The Meditator next looks at the source of his errors. They depend simultaneously upon the intellect (the faculty of knowledge) and the will (the faculty of choice, or freedom of the will). The intellect, however, only allows us to perceive ideas, not to make judgments on them, and so in this strict sense, it cannot be the source of error. In contrast to the intellect, which he knows is limited, the Meditator reflects that he could not conceive of his will as being any greater or more perfect. In all his other mental faculties—memory, imagination, understanding, etc.—the Meditator realizes that God is endowed to a much greater degree than he is. But in freedom of choice, or the will, the Meditator realizes he is unlimited, and in this respect more than any other he resembles his creator. God's will may be greater in that it is accompanied by a greater knowledge and power and that it ranges over everything, but when considering the will in the strict sense, the Meditator concludes that his will is just as great as God's. Exercising the will consists simply in affirming or denying, pursuing or avoiding. The feeling of indifference is not a weakness in will but rather a lack of knowledge of what is the true or right course to pursue. Thus, God's will is only superior to our own in that God has supreme knowledge and can always will what is good.

Since the will is perfect and unlimited, it cannot be the source of error. Similarly, since his understanding, or intellect, was created by God, it can never be wrong either. The Meditator concludes that error results not from imperfections in either of these faculties, but from the fact that the will has a far wider scope than the understanding. As a result, the will often passes judgments on matters that are not fully understood and toward which it is indifferent. For instance, the Meditator has such a clear and distinct perception that he exists that he cannot help but judge (will) that this is true. However, he is as yet uncertain about his relationship to the corporeal body that he normally assumes is his. Since he does not have a proper understanding of the relationship between mind and body, he is indifferent as to whether he should assent or deny that the mind and the body are identical and is liable to make a false judgment. In all matters of the intellect except for clear and distinct perceptions, there is some level of conjecture and uncertainty, and so the will is liable to make a false judgment. The correct use of the will in cases of uncertainty is simply to refrain from judgment. When "I" affirm or deny in cases of uncertainty, "I" will either be in error or "I" will arrive at the truth purely by chance.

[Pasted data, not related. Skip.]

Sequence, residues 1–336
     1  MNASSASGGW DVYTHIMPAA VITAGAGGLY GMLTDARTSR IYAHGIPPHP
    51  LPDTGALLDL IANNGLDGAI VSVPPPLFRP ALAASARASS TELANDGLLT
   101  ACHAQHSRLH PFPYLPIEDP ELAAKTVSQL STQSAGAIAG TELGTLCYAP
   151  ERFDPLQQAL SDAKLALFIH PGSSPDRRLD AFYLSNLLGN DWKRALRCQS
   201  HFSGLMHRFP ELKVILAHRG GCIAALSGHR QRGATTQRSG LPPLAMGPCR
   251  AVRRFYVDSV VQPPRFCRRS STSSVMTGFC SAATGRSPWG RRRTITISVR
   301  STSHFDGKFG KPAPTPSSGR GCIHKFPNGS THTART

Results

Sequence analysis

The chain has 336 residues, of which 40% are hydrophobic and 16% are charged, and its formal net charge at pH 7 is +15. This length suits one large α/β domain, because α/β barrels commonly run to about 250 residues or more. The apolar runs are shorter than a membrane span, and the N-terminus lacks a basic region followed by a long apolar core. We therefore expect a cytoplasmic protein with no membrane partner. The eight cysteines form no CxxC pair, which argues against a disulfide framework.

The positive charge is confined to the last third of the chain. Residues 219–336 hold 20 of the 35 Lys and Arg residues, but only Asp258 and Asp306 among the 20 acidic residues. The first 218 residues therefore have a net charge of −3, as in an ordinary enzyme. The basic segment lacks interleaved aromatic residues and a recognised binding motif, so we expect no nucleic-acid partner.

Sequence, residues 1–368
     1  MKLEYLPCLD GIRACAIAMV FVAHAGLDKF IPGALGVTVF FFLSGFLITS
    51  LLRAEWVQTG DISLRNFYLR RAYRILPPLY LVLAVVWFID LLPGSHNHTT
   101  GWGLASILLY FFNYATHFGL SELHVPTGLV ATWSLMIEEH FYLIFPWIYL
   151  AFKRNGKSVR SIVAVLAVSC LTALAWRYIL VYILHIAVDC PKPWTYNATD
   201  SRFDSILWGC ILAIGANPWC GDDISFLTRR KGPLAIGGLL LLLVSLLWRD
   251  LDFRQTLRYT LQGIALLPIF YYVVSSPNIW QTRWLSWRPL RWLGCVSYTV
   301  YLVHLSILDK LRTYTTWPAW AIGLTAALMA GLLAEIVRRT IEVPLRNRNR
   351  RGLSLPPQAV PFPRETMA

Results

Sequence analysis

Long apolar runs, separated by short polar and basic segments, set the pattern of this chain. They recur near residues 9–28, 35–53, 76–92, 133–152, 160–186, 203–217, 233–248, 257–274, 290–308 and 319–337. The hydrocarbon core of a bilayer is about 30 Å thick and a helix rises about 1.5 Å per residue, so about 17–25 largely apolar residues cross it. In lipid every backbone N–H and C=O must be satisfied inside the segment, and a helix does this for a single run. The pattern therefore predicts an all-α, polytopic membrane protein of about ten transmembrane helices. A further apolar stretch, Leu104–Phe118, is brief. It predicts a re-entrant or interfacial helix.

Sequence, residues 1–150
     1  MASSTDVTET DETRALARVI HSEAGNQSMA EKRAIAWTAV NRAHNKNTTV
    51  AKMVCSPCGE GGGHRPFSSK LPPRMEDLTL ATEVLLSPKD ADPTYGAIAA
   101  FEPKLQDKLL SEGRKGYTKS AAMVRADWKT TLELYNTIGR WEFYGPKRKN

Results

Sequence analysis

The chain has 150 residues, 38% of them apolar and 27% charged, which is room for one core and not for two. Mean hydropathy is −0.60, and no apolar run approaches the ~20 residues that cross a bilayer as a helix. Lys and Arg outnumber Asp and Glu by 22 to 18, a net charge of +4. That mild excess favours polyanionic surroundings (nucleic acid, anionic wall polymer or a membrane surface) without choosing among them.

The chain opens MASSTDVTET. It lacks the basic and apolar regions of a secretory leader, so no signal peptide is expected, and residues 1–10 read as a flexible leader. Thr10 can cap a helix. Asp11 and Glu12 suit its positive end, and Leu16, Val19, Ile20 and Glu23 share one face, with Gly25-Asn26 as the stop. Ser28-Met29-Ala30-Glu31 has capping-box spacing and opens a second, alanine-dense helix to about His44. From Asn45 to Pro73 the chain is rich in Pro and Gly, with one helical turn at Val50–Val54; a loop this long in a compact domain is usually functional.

The Meditator concludes that he cannot complain that God has created him imperfectly. It is only natural that he has a finite intellect, and the will is indivisible, so it cannot be anything less than complete. He cannot complain about the imperfections in him that lead to false judgment, since he is only a small part of God's larger creation, and his role in that creation is perfect even if he may seem imperfect when considered alone. He concludes he can also avoid error completely by suspending judgment in cases where he is uncertain, and only passing judgments on clear and distinct perceptions.


This section draws an important distinction between the intellect and the will. The intellect is the faculty that not only understands and thinks, but also senses and imagines. All these are value-neutral acts in themselves. The will is responsible for affirming and denying, and it is in the will that value and the possibility for error manifest themselves. For instance, my visual perception of a tree is created in the intellect, but it is the will that either affirms that it is indeed a tree, or suspends judgment because I might be dreaming. Thus, even if I am just hallucinating and there is no tree, my intellect is not mistaken in reporting this perception to me, but my will would be mistaken in judging that it is indeed a tree.